No one expects such a dramatic and controversial move as the imposition of a draft prior to the November elections. Until November, everything Bush does will be about re-election. Even the release of those explosive military records is an attempt to defuse the controversy surrounding his possible-AWOL and to do so in February rather than in October. The Bush administration wants to explode any political bombshells right here and right now while there are several months of recovery time possible. The clumsiness with which the administration is proceeding may negate the strategy, of course, but I'm betting (and so are they) that people will soon be bored with hearing about Bush's military dental records. Nothing short of a sleazy sex-scandal or a murdered pregnant wife can sustain public interest for a period extending into months. But, if Bush is re-elected, then I expect a draft to be imposed in early '05.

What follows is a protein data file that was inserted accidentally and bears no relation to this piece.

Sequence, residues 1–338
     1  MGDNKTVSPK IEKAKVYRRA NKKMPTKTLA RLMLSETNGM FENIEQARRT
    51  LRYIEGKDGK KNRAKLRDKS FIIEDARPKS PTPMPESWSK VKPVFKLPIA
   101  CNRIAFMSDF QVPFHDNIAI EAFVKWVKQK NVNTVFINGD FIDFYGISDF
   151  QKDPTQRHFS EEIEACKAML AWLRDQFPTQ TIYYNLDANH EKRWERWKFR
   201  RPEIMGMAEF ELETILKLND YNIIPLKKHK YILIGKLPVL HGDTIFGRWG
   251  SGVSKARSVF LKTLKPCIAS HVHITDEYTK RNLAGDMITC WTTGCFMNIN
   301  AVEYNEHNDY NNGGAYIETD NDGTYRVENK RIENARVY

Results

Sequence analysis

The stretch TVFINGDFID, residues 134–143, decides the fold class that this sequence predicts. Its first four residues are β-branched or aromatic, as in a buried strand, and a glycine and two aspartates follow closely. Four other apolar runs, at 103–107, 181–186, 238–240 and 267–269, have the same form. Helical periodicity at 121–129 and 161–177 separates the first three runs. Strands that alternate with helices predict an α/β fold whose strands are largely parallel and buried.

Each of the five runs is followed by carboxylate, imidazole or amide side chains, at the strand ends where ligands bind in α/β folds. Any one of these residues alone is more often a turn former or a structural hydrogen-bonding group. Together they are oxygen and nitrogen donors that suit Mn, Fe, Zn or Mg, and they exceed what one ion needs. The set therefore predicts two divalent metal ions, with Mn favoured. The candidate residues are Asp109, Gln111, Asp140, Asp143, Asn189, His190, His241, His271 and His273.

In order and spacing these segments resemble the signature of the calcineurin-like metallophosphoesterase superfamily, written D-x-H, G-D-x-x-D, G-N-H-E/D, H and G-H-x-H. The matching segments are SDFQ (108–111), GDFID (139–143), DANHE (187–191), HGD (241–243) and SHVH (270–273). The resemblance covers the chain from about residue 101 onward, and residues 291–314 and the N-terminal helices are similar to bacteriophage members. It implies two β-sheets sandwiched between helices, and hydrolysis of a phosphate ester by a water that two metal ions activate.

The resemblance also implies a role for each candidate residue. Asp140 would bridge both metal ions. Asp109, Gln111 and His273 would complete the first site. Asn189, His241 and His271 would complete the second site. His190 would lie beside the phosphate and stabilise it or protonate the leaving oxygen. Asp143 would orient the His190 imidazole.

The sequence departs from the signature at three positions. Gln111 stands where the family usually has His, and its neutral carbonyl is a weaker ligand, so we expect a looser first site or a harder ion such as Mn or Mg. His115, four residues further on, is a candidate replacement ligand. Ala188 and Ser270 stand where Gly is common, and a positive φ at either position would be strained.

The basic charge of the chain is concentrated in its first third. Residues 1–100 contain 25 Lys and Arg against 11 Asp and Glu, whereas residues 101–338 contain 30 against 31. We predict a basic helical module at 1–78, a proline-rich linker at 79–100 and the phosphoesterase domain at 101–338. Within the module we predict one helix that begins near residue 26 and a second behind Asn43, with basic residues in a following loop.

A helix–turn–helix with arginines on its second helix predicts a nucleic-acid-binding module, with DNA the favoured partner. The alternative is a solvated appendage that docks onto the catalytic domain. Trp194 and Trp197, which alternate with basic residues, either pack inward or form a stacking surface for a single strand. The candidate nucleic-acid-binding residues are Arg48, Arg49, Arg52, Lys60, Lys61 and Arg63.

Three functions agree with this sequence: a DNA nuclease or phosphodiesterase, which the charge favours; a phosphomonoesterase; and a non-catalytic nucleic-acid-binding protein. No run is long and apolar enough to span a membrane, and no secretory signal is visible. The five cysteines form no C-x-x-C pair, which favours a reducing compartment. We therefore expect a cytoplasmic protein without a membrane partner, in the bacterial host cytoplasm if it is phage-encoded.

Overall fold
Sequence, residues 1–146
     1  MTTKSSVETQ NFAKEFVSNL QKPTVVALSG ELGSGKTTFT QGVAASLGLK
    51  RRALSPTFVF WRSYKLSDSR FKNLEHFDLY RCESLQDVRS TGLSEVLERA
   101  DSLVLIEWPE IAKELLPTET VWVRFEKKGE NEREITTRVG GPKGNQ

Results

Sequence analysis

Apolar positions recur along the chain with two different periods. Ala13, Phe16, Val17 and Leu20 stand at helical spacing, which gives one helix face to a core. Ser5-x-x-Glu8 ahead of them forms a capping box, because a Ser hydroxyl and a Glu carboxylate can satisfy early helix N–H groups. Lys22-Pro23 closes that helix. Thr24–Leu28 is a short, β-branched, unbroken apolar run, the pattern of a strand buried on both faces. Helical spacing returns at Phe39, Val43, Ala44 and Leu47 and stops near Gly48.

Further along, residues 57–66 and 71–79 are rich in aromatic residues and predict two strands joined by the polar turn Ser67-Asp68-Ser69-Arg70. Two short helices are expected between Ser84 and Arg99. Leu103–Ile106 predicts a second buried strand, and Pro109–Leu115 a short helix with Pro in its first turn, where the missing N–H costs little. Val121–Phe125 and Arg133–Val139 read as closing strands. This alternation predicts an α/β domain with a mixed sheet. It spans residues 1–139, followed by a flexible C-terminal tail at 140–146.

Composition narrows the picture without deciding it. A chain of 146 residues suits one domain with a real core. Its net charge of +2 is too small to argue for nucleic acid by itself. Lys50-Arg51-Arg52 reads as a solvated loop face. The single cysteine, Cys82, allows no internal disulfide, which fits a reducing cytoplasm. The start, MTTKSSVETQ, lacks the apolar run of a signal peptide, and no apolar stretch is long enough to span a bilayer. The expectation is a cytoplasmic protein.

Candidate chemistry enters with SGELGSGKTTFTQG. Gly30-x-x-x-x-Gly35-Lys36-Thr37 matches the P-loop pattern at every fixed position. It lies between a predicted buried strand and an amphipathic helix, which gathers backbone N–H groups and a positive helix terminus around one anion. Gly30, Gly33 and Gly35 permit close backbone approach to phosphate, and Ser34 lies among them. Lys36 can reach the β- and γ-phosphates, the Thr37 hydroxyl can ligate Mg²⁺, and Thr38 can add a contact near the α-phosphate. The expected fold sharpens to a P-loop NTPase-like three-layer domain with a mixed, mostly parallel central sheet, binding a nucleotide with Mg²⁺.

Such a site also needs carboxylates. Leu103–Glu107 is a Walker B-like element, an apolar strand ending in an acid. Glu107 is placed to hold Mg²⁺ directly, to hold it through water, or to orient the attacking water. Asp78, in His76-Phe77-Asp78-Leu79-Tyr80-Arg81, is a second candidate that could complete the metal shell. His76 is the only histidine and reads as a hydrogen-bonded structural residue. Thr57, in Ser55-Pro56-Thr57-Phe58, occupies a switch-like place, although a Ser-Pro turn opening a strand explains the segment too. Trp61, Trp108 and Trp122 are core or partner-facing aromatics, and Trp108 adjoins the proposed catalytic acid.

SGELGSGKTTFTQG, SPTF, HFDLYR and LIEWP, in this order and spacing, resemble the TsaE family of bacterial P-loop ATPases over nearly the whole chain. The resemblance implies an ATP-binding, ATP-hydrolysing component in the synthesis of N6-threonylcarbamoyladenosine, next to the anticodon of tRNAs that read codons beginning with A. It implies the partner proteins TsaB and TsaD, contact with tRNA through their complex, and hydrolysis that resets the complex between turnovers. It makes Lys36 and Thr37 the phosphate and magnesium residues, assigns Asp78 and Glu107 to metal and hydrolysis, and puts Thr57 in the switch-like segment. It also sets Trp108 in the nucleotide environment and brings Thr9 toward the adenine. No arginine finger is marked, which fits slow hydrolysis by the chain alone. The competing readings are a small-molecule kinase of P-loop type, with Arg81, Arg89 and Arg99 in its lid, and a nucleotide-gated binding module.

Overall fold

If Kerry is elected, then there probably will not be a draft. I say "probably" because he is not in principle but only pragmatically opposed to the imposition of one. He responded during an "OnTheIssues" interview: "Q: You said that in your first 100 days you would move to increase our armed forces by as much as 40,000 troops. You said there was a dire need for two full divisions. People are wondering right now about voluntary versus draft. KERRY: We don't need a draft now and I wouldn't be in favor of it under the current circumstances. All across this country there are families who are suffering greatly because the Guards and Reserves have been called up. They are overextended. Their deployments are too long. If we're going to maintain this level of commitment on a global basis, and for the moment we have to because of what's happened, we need an additional two divisions. One's a combat division and one is a support division. That's the responsible thing to do. That's temporary, because I intend to go back to the UN, rejoin the community of nations, bring other boots on the ground to help us, and reduce the overall need for deployment of American forces in the globe."